— The Ontario Readers: Fourth Book • Various

... have "a merry Easter." Lopez was likewise requested to inform the King of Spain when he thought he could accomplish the task. The doctor ultimately agreed to do the deed for fifty thousand crowns, but as he had daughters and was an affectionate parent, he stipulated for a handsome provision in marriage for those young ladies. The terms were accepted, but Lopez wished to be assured ...
— The Rise of the Dutch Republic, 1555-1566 • John Lothrop Motley

... influence often run far underground before coming to the surface, to sprout into some flowering growth; and to trace this back to its parent stem is the necessary but not ...
— Influences of Geographic Environment - On the Basis of Ratzel's System of Anthropo-Geography • Ellen Churchill Semple

... country. This excellent prince, who now died in the forty-fifth year of his age, was possessed of every amiable quality which could engage the affection of the people; a tender and obliging husband, a fond parent, a kind master; liberal, generous, candid, and humane; a munificent patron of the arts, an unwearied friend to merit; well disposed to assert the rights of mankind in general, and warmly attached to the interest of Great Britain. The nation could not but be afflicted at seeing a prince of such ...
— The History of England in Three Volumes, Vol.II. - From William and Mary to George II. • Tobias Smollett

... I, "and that's why I called Kerner a fool. He is a fool because he has waited so long before marrying her. He is a fool because he has been waiting in the hopes of getting the consent of some absurd two-million-dollar-fool parent or something of ...
— The Voice of the City • O. Henry

... gray greens of the furze or the sharper colour of the bracken. The chorus of birds had died away, but the nests were not yet tenantless. The great sand-pit near the farmhouse was still vocal with innumerable broods of sand-martins, still enlivened by the constant skimming to and fro of the parent birds. And under Kendal's sitting-room window a pair of tomtits, which the party had watched that May Sunday, were just launching their young family on the world. One of his first walks was to that spot beyond the pond where they had made their afternoon camping-ground. ...
— Miss Bretherton • Mrs. Humphry Ward

... of probity, and strict honesty, he was universally esteemed. Those who were acquainted with his character must regret the loss of so worthy a member of the community. In his domestick life he was a tender parent and kind master.——His funeral will be this afternoon, precisely at five o'clock, from his house in Tremont-street, where his friends and acquaintance ...
— The Olden Time Series: Vol. 2: The Days of the Spinning-Wheel in New England • Various

... Lysimachus persuaded him to rest on a couch, and placing a pillow under his head, he, quite overpowered with excess of joy, sank into a sound sleep, and Marina watched in silence by the couch of her sleeping parent. ...
— Tales from Shakespeare • Charles and Mary Lamb

... about, they lie wholly inside the larger and can not be made to intersect them. If, however, we admit a series of explosions, this difficulty is removed; and if we grant an explosion at all, there seems to be nothing improbable in the hypothesis that the fragments formed by the bursting of the parent mass would carry away within themselves the same forces and reactions which caused the original bursting, so that they themselves would be likely enough to explode at some time ...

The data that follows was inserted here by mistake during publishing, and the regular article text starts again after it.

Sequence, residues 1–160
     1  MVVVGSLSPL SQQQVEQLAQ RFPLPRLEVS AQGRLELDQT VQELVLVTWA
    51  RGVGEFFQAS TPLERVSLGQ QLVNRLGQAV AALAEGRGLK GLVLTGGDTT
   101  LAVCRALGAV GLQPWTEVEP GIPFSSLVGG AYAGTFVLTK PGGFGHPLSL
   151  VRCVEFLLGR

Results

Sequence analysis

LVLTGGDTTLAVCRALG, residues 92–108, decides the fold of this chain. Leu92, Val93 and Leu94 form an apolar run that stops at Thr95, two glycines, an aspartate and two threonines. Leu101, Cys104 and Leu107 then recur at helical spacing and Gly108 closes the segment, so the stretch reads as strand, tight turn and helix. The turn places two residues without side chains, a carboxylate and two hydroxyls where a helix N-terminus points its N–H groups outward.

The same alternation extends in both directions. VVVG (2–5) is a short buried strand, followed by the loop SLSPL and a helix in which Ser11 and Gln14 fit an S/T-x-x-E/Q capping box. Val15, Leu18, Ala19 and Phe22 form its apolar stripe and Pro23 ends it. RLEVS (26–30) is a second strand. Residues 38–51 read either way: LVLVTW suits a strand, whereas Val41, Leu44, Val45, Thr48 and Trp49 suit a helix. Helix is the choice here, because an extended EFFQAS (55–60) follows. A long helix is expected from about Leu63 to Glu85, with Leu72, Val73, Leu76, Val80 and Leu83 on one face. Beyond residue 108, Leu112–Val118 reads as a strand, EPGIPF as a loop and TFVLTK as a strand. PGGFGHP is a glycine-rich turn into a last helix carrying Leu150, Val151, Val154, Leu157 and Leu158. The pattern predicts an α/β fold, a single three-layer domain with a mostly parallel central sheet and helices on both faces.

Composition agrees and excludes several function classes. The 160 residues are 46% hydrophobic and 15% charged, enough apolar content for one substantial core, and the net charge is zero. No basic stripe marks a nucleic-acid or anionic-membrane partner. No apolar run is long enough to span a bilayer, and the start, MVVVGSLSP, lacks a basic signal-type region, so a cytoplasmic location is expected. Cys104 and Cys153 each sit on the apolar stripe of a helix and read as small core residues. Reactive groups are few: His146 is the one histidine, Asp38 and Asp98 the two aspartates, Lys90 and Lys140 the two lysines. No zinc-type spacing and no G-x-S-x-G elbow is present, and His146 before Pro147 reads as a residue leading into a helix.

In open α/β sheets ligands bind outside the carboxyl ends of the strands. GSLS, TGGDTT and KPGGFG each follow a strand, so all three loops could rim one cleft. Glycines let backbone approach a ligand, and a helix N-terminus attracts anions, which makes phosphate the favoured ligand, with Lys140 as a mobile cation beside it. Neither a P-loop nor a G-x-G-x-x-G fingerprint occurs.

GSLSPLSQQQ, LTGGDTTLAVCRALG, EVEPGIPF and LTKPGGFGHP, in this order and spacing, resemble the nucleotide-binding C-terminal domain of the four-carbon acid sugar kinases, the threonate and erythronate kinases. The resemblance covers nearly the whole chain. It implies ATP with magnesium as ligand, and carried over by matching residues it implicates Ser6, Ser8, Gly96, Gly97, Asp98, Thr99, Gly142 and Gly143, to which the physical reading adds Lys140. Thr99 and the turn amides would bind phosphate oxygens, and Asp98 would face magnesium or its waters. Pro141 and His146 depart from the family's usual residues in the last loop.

— Other Worlds - Their Nature, Possibilities and Habitability in the Light of the Latest Discoveries • Garrett P. Serviss

... me—your evasions have excited my suspicions, and my present impression is, that Miss Gourlay is averse to a matrimonial union with my son; that she has heard reports of his character which have justly alarmed her high-minded sense of delicacy and honor; and that you, her parent, are forcing her into a marriage which she detests. Look into your own heart, Sir Thomas, and see whether you are not willing to risk her peace of mind for the miserable ambition of seeing her one day a countess. Alas! my friend," he continued, "there is no talisman in the coronet ...
— The Black Baronet; or, The Chronicles Of Ballytrain - The Works of William Carleton, Volume One • William Carleton

... greatest general of the age, and had matched the strength of his tactics and the courage of his Swedes against the elite of the imperial army, the most experienced troops in Europe. From this moment he felt a firm confidence in his own powers—self-confidence has always been the parent of great actions. In all his subsequent operations more boldness and decision are observable; greater determination, even amidst the most unfavourable circumstances, a more lofty tone towards his adversaries, a more dignified bearing towards his allies, and even in his clemency, something ...
— The Works of Frederich Schiller in English • Frederich Schiller

... variations [being congenital] or those very slowly acquired of all kinds [decidedly evince a tendency to become hereditary], when not so become simple variety, when it does a race. Each{41} parent transmits its peculiarities, therefore if varieties allowed freely to cross, except by the chance of two characterized by same peculiarity happening to marry, such varieties will be constantly demolished{42}. ...